Google Glass bugs are an Entrepreneurs’ Charter
venturecannibalism.com: If looking through the new Google Glass doesn’t make you dizzy, then the pre-launch PR spin certainly will. Last month Seattle night club, The 5 Point, announced it has banned patrons wearing Google Glass on privacy grounds 6 months before the new device is even on sale. This month 8000 lucky triallists paid $1,500 for advance copies of the high-tech glasses in a highly publicised online auction. Clearly this is not a product that has to try hard to make the news cycle. And rightly so, Google Glass feels like it could be the biggest thing to happen in computing since the iPhone.
The big idea behind Google Glass is to take the button-pushing out of computing and put the data right in front of your eye balls. The distinctly ‘Treky’ looking glasses have an integrated camera, display, touchpad, battery and microphone built into the frames and a prism puts the control screen in your field of vision (Google says the display is the equivalent of a 25-inch high definition screen from eight feet away), through which you can search, translate, take pictures, and video by voice command.
Google Glass is more ‘i’ than an iPhone even – the embedded camera records and takes photographs from a first-person perspective – literally what you look at. Controlling this data is novel, via a microphone and touch-pad on one arm of the frame. You select what you want to do with a brief gesture or by talking to the device and Google Glass uses bone-induction technology for the audio, gently vibrating your skull to create sound. Whither Skullcandy?
So what does Google Glass tell us about the future? It’s definitely a step further along the ubiquitous computing road – a small step in some ways as the glasses still need to be tethered to your phone, but it shows where we’re heading and how using data, currently consumed via our laptops, tablets and smart phones, is about to become an altogether more intimate experience.
The excitement around the launch is palpable, but so are the bugs! US publication, Business Insider, ran a feature on the ‘Ugly truth about Glass’ listing the shortcomings of the product’s first iteration. Rather than put us off, is more of an entrepreneurs charter, neatly listing all the things that tech companies need to resolve for Google Glass, and in time, Apple’s Windows, or some such product! Here are five things that need to be fixed or five start—ups waiting to be started:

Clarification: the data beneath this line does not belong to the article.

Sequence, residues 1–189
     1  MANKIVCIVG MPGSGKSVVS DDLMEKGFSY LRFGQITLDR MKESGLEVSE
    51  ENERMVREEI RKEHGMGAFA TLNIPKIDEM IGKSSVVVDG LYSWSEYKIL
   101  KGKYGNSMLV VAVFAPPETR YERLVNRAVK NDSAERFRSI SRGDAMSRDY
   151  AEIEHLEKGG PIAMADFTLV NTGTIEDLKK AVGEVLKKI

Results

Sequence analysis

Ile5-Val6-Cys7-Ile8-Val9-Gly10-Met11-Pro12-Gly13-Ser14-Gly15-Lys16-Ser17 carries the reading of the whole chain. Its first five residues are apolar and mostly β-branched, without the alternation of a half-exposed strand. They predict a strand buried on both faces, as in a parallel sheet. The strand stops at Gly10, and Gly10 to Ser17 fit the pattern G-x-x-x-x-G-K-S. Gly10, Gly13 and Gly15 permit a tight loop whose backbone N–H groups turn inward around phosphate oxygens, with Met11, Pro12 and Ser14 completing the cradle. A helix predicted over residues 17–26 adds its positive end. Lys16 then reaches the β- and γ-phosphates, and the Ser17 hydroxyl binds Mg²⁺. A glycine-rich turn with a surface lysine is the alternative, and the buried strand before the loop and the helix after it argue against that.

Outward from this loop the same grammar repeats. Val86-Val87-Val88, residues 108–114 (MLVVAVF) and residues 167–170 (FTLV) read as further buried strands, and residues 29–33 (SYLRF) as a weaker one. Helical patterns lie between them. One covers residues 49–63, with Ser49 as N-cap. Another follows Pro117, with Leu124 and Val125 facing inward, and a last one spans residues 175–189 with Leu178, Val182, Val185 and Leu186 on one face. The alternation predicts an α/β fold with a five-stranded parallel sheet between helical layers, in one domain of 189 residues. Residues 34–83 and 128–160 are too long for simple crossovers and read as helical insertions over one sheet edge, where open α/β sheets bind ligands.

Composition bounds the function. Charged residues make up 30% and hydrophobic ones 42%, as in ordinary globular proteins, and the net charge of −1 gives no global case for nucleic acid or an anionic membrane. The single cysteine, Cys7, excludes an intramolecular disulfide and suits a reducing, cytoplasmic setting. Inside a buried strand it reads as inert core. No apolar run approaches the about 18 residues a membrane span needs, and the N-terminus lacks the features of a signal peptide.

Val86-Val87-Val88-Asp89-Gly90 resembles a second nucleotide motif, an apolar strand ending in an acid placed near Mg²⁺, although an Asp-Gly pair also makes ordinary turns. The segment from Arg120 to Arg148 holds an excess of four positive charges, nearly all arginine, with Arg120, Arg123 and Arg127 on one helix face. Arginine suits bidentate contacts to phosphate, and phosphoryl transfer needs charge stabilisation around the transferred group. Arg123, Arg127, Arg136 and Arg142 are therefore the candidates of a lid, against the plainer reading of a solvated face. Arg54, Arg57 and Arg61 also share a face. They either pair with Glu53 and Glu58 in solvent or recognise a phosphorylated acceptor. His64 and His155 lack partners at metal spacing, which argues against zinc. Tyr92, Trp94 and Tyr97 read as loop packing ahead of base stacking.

1. “The battery life is terrible”. Business Insider estimates battery life at just over3 hours. Power’s going to be the big one to solve.
2. “It’s disorienting, and gives you a headache”. Danger UXD! User experience design is ripe for innovation and an intellectual property nightmare. Let’s hope the entrepreneurs make as much money as the lawyers!
3. “The screen is hard to see in bright light”. Clearly not a probably initially as geeks only go out at night, but the screen/prism interface needs improvement.
4. “The voice controls for Glass are buggy”. In the footsteps of Siri & the new Google Now, there’s audio interface technology issues for sure, but maybe bigger opportunities around semantic analysis, natural language processing and searching big data.
5. “You still need a smartphone to use Glass outdoors.” Google Glass doesn’t have a built-in mobile data connection, so, you have to tether it to your phone. This raises the delicious prospect of Google Glass down-grading the smart phone to a ‘processor pack’ in your pocket rather than the designer desirable that Apple has made it today.
Beyond that, if Google can do ‘Glass’, what about other ‘extreme’ peripheral devices like touch-sensitive gloves and eye movement controls. They already exist as military tech, why not for consumers too?
Mobile start-up or entrepreneur? Here’s how we can help:
If you’re involved in developing mobile solutions the University of Bath Innovation Centre has got a lot to offer you. We’re signing up companies looking to present to potential investors and large multi-nationals at the Discovering Start-Ups 2013 competition – the judges are the ‘A’ list from the mobile tech world and include Google’s New Business Development Principal, Debu Purkayastha.
Also if you’re looking to develop your contacts as a mobile start—up come along to openMIC#17, our next mobile networking barcamp or if you want help perfecting that mobile start-up business plan to present to investors, have a look at our Bath Entrepreneurship Programme for Mobile here(we’ve got funded places to donate, thanks to the sponsorship of the ICT Knowledge Transfer Network)